Hazel Motes, protagonist of Flannery O'Connor's Wise Blood, becomes a committed atheist when he returns from World War II. Despite his sincere professions of atheism, he exhibits most of the Christian-like behavior of all the characters in the novel. There are several indications that he is a bona fide Christian throughout the novel.
First, he is devoted to the truth. He states, "I'm going to preach a new church—the church of truth without Jesus Christ Crucified." Hazel claims that he prefers his prostitute to God. In some ways, this behavior is Christlike, as it demonstrates a commitment to the destitute and abandoned classes. Hazel also becomes a de facto ward for Sabbath Lily, who stays with Hazel when she is abandoned by her father.
Hazel's desire to be apart from the world is another strong indication that he is a sort of embodiment of Christ within the novel. He eschews worldly relationships, and ultimately goes to live in a boarding house.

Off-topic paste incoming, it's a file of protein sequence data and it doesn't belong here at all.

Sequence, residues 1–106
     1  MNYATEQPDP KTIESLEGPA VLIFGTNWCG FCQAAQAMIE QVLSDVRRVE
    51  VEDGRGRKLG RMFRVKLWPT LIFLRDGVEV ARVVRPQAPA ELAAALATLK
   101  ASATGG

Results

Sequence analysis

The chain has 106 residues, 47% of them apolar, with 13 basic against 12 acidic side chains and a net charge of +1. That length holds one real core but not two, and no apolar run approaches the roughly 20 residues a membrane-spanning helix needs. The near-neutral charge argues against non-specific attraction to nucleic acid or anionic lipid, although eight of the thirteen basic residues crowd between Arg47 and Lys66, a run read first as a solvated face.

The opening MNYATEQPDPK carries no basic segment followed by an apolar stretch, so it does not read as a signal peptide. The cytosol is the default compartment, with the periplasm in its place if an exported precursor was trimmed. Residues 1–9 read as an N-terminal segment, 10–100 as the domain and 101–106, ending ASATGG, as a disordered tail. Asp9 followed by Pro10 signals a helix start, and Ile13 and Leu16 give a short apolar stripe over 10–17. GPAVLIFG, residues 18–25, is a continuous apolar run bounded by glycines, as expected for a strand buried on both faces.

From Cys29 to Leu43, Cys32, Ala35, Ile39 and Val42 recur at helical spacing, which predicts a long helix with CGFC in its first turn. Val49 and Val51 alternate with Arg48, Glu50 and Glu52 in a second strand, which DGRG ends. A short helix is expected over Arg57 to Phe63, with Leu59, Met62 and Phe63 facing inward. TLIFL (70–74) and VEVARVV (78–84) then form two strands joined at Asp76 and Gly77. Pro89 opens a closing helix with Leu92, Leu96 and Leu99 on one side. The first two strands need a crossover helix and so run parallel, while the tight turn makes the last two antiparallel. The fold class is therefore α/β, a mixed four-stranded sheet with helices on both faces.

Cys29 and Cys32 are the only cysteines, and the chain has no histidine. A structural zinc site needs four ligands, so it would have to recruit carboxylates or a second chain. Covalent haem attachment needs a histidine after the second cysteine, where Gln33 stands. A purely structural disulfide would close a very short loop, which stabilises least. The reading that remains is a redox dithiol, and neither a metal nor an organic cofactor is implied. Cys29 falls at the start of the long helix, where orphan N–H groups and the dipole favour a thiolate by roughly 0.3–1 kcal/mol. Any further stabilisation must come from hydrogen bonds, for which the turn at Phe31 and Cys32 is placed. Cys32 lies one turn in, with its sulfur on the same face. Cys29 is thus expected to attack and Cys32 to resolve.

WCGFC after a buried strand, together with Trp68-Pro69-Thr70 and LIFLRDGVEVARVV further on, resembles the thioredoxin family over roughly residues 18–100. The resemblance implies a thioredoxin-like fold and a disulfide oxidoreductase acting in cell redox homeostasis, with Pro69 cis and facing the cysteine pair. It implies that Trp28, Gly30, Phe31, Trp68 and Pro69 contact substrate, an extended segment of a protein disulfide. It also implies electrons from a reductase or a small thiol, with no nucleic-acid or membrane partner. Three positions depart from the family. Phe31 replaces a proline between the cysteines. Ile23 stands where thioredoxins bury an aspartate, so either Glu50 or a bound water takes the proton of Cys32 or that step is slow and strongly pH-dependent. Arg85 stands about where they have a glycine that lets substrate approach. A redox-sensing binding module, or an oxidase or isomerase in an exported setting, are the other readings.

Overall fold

The end of the novel constitutes a martyrdom for Hazel. Unlike Asa Hawks, who lacks the resolve to blind himself as he claims, Motes blinds himself. He does this after losing his car at the whim of a police officer. The police officer mistakes him for a homeless person, which is reminiscent of the way that Jesus himself was outcast by the agents of the contemporary Roman state. Motes also wraps wire arounds his chest and fills his shoes with rocks, in an act resembling the martyr acts of the early Christian saints (such as St. Lawrence's death by fire, and St. Bartholomew's being skinned alive).
In the book's closing pages, his landlady tells Hazel,
"You must believe in Jesus or you wouldn’t do these foolish things. You must have been lying to me when you named your fine church. I wouldn’t be surprised if you weren’t some kind of a agent of the pope or got some connection with something funny."
His landlady stays with him until beyond his death, and she even venerates his dead body, like the corpse of the saint that he ultimately is.